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Remaining in compliance with software license agreements can be a juggling act for many organizations. Many sources offer good advice, but organizations looking to take control of their software assets also must sift through at least as many misconceptions. Here are some of the most common:
While a software asset management tool will go a long way toward keeping an organization in compliance, it can’t operate in a vacuum. As Robert Scott of the law firm Scott & Scott says, “A tool is just a tool.” In other words, without the knowledge of how to interpret and normalize the data and then understand what that data means relative to licensing rules, the data itself is not worth much. An effective SAM program also must have executive sponsorship. “There has to be someone in the organization who can write the last email of the stream to drive an initiative like SAM forward,” Scott says.
When it comes to software license violations, the buck stops with the enterprise. Even if the outsourcer does a great job managing software licenses, any liability that occurs as a result of noncompliance rests with the organization that owns the hardware and uses the software.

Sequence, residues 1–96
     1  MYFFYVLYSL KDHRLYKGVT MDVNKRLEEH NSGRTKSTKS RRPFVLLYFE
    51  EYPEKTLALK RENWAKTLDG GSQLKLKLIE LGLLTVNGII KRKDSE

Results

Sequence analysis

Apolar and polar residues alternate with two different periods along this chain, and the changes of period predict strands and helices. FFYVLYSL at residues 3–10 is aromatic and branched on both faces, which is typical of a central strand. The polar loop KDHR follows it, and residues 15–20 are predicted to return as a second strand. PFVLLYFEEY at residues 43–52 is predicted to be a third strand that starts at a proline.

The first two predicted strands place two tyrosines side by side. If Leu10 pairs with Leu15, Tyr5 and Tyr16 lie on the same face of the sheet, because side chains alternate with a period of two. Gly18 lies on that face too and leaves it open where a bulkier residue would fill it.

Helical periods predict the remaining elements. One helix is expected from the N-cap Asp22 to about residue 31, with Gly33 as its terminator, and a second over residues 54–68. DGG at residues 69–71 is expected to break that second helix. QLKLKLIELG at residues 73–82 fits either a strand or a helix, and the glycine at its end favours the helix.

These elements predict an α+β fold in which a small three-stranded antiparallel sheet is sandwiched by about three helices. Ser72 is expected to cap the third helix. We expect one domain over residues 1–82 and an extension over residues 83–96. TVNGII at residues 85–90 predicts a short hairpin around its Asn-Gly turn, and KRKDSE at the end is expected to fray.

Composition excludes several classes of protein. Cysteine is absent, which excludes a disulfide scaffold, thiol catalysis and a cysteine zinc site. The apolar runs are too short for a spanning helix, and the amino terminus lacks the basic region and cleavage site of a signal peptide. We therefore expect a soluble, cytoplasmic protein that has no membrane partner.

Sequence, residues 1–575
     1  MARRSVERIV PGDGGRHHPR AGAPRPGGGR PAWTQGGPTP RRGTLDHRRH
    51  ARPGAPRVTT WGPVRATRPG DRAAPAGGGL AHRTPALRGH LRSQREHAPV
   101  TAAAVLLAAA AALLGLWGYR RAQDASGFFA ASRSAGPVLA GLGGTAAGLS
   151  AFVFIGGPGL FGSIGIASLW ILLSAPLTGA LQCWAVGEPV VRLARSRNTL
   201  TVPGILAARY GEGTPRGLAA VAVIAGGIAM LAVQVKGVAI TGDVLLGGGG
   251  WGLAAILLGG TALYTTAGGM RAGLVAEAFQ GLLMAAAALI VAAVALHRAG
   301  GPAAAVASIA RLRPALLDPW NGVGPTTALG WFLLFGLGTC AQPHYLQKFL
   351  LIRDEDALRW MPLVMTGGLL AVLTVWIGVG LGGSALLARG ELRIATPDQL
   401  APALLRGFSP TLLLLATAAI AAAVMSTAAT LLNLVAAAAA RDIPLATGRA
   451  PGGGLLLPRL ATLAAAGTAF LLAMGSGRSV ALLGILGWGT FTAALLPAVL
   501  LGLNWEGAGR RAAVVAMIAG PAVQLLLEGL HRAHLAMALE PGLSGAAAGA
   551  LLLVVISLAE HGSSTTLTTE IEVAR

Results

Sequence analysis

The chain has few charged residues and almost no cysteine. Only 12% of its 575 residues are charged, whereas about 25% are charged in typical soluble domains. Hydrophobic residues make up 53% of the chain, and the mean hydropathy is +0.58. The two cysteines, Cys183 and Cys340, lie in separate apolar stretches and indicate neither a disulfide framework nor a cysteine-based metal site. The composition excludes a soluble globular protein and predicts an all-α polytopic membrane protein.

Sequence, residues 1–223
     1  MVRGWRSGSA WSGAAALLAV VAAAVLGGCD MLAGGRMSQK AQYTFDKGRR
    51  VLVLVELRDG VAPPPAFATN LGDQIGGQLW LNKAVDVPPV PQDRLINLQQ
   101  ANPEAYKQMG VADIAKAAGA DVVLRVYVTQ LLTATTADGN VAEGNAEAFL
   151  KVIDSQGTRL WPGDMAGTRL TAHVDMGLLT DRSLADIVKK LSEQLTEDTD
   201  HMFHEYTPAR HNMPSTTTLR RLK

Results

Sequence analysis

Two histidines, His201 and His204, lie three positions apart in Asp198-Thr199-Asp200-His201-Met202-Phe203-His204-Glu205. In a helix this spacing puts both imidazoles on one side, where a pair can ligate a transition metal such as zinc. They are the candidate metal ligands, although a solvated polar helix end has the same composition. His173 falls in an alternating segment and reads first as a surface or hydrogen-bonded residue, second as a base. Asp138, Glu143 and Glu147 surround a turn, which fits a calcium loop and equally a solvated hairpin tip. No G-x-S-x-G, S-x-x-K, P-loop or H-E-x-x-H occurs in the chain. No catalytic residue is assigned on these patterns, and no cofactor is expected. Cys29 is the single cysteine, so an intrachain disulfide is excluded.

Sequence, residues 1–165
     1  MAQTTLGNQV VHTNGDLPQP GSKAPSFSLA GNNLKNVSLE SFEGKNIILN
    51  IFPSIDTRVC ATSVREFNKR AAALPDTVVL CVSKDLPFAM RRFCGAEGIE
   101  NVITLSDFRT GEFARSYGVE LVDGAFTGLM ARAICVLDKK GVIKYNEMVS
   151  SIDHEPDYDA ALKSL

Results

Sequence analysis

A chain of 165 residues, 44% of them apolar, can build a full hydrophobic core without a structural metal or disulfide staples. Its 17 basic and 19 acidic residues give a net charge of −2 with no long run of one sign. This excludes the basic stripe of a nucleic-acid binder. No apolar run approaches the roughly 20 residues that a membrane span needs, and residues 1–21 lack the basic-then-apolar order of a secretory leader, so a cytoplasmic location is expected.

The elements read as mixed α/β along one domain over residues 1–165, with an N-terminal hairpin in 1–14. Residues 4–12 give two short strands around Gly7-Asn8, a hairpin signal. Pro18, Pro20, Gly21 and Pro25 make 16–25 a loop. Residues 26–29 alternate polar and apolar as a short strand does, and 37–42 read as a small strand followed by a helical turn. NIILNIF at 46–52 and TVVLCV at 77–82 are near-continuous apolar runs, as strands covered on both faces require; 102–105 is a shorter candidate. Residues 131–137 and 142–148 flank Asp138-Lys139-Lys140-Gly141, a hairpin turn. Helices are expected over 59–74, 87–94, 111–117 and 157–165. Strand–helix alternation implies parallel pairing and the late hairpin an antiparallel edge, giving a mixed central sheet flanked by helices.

While large enterprises are definitely “big fish,” this fact does not let small and midsized companies off the hook. In fact, BSA and the Software & Information Industry Association (SIIA) focus much of their efforts on small- and medium-sized business (SMB) audits. An analysis by the Associated Press found that most of BSA’s software violation settlements with North American companies came from small businesses.
Even if it’s inadvertent, piracy still has an impact. It deflects funds that software manufacturers could use to improve their software and contributes to rising product costs. According to BSA, 19 percent of all business software is unlicensed. Reducing software piracy by just 10 percent worldwide could add more than 25,000 high-tech jobs, about $38 billion in new economic activity and $6.1 billion in tax revenue over four years.
When software is licensed properly, software developers don’t have to raise prices.
With modern software copy protection, this claim is simply not true. Copy protection ensures that the software can’t be tampered with, and it doesn’t affect performance.
While many popular applications are free for private citizens, their use by a business organization can trigger a purchasing obligation. Often, companies simply don’t know that because they don’t read the agreement. This happens most often with programs such as utilities and accounting software that are free for individual users.
Want to learn more? Check out CDW’s white paper, “How to Survive a Software Audit.”